Protecting Rights. Ending Corporate Abuse

Parent company liability

Cobalt mining, child labour and corporate accountability

In this blog, Joseph Maggs explores the landmark case filed against five tech giants in December 2019 - and the "accountability gap" that leads to companies getting away with child labour in their supply chains.

Mandatory human rights due diligence: an issue whose time has come

In April this year, 25 civil society organisations launched a campaign for a new law to make UK companies more accountable for human rights abuses and environmental abuses in their global operations and supply chains. The good news is that there is growing momentum worldwide for similar legislation.

Victory over Vedanta

In a historic ruling, the UK Supreme Court has allowed 1,826 Zambian villagers to continue to pursue their case (Lungowe v. Vedanta) against UK-based mining giant Vedanta in the UK courts. This blog, by CORE's Policy and Communications Officer, Louise Eldridge, explores the implications of the ruling. It was originally posted by Africa is a Country.

Towards mandatory human rights due diligence in the UK

Several political processes currently underway in the UK offer civil society space to push the Government on mandatory human rights due diligence (mHRDD), writes Marilyn Croser, CORE's Director. This blog was originally published by the Business and Human Rights Resource Centre.

49 global CSOs call for justice for Nigerian villages devastated by Shell oil spill

CORE Coalition and 48 other civil society organisations from around the world are calling on the UK Supreme Court to allow two Nigerian fishing communities to appeal against a ruling that oil giant Shell cannot be held responsible for pipeline spills that devastated their land and livelihoods.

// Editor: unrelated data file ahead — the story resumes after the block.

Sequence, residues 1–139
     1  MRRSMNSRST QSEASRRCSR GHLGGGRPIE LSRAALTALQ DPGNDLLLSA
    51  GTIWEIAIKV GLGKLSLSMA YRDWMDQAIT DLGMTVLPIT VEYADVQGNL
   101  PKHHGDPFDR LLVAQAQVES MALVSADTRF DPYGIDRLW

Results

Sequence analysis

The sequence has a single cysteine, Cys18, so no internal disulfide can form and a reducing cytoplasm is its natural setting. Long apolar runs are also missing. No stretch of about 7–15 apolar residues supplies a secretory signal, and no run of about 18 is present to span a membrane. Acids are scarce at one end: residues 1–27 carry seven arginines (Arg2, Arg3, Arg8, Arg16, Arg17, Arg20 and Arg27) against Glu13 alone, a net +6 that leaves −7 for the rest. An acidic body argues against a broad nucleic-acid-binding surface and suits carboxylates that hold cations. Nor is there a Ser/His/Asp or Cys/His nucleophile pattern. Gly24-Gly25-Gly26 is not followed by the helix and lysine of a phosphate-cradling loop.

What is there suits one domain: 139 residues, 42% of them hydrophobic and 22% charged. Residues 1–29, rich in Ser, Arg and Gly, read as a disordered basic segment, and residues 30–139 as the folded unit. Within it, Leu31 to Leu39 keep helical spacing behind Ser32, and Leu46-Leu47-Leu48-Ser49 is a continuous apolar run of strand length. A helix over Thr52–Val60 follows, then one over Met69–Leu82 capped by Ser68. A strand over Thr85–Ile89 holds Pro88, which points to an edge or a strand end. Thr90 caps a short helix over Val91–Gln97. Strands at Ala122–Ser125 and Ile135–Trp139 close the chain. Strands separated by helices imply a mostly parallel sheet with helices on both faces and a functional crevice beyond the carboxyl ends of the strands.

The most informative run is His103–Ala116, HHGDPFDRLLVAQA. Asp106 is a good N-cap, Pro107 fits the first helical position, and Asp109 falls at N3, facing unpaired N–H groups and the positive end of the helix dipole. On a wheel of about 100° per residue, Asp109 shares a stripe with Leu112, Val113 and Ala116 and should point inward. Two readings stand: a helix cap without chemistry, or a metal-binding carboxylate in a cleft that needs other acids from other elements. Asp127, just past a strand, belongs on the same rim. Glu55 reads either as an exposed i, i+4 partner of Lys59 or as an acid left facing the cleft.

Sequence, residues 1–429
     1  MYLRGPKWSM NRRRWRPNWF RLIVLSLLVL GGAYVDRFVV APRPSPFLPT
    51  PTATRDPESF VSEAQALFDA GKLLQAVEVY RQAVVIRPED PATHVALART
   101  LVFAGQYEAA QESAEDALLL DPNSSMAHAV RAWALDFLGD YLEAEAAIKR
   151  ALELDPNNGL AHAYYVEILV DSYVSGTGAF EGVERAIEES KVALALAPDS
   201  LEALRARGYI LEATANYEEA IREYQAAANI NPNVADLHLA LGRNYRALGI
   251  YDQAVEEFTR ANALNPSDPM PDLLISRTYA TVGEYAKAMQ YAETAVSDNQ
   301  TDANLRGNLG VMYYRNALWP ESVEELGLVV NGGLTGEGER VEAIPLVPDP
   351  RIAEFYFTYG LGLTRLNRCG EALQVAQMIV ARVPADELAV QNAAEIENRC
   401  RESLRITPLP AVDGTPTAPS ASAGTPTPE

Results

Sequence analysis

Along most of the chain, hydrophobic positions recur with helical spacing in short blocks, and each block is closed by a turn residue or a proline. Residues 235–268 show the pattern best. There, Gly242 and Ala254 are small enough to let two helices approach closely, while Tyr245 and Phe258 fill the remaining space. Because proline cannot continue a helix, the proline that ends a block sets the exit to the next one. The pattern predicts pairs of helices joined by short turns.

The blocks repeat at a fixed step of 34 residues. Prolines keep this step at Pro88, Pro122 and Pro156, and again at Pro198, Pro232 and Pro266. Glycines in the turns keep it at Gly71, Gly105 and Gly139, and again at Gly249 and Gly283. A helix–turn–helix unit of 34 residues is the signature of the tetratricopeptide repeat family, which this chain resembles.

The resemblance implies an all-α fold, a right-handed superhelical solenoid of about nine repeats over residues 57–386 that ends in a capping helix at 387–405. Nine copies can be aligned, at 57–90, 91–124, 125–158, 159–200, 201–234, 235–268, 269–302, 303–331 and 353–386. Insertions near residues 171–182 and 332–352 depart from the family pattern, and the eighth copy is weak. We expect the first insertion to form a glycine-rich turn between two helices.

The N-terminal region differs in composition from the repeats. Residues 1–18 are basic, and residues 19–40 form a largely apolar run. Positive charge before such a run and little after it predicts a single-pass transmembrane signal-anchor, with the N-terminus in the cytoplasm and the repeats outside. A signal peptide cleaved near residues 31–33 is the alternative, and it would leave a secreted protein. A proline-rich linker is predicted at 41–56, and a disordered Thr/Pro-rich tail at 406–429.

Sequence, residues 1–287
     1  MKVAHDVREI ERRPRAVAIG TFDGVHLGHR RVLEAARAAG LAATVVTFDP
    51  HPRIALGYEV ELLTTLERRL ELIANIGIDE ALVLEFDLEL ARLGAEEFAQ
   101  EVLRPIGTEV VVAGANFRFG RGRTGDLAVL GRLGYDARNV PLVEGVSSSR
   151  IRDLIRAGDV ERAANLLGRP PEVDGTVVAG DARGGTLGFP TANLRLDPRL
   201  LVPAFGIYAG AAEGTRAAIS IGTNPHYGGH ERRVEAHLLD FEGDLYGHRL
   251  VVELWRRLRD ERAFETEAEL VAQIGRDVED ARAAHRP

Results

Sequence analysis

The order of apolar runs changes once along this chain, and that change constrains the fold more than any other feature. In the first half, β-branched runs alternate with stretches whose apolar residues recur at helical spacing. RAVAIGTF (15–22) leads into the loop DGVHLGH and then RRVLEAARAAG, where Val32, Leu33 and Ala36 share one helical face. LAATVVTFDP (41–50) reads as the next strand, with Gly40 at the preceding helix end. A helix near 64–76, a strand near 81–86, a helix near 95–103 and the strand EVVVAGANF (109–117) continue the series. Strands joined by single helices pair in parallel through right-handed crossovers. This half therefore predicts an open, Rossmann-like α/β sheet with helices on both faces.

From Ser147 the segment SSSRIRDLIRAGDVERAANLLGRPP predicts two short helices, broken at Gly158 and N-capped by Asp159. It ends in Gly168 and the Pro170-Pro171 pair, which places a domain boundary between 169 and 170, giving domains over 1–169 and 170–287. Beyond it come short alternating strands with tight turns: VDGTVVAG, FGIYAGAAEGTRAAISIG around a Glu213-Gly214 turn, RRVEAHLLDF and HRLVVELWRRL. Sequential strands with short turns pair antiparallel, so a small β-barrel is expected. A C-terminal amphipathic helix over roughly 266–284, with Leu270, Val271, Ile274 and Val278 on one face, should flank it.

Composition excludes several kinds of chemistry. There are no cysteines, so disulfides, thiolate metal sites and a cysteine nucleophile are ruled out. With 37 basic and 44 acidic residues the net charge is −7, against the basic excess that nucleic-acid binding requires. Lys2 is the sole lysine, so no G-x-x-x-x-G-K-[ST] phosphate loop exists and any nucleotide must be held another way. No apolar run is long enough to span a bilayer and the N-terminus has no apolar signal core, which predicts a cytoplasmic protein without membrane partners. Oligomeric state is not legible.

Access to Legal Remedies for Victims of Corporate Human Rights Abuses in Third Countries

Claire Bright, Research Fellow in Business and Human Rights at the British Institute of International and Comparative Law (BIICL) write about the obstacles to justice for victims of corporate human rights abuses, and how they might be overcome.

What does 2019 hold for corporate accountability?

50 people from NGOs, academia and law firms gathered at The Foundry in London on Wednesday 13th February for CORE’s annual partners' meeting. Below is a brief summary of the very wide-ranging expert presentations given on the day.

The Zambian farmers who are suing a mining company in a British court

 In January 2019, a group of Zambian farmers brought their fight for justice to the UK Supreme Court, in a case with far-reaching implications for multinational companies. Louise Eldridge explains the background of the case in a blog originally published by Africa is a Country.

[caption id="attachment_5257" align="alignleft" width="550"] Farmer with his livestock, Zambia. Image credit Felix Clay/Duckrabbit, 2012 via WorldFish Flickr (CC).[/caption]

UK Supreme Court considers whether Vedanta may be held legally responsible for harm caused by Zambian subsidiary

Carlos Lopez, Senior Legal Adviser at the International Commission of Jurists, and Marilyn Croser, Director of CORE, explore the implications of the interlocutory appeal by the company Vedanta Resources and its Zambian subsidiary KCM to the UK Supreme Court. The company is challenging a Court of Appeal decision to uphold jurisdiction of UK courts in the case and allow the plaintiffs, some 1800 Zambian villagers to pursue their case against both companies in the United Kingdom.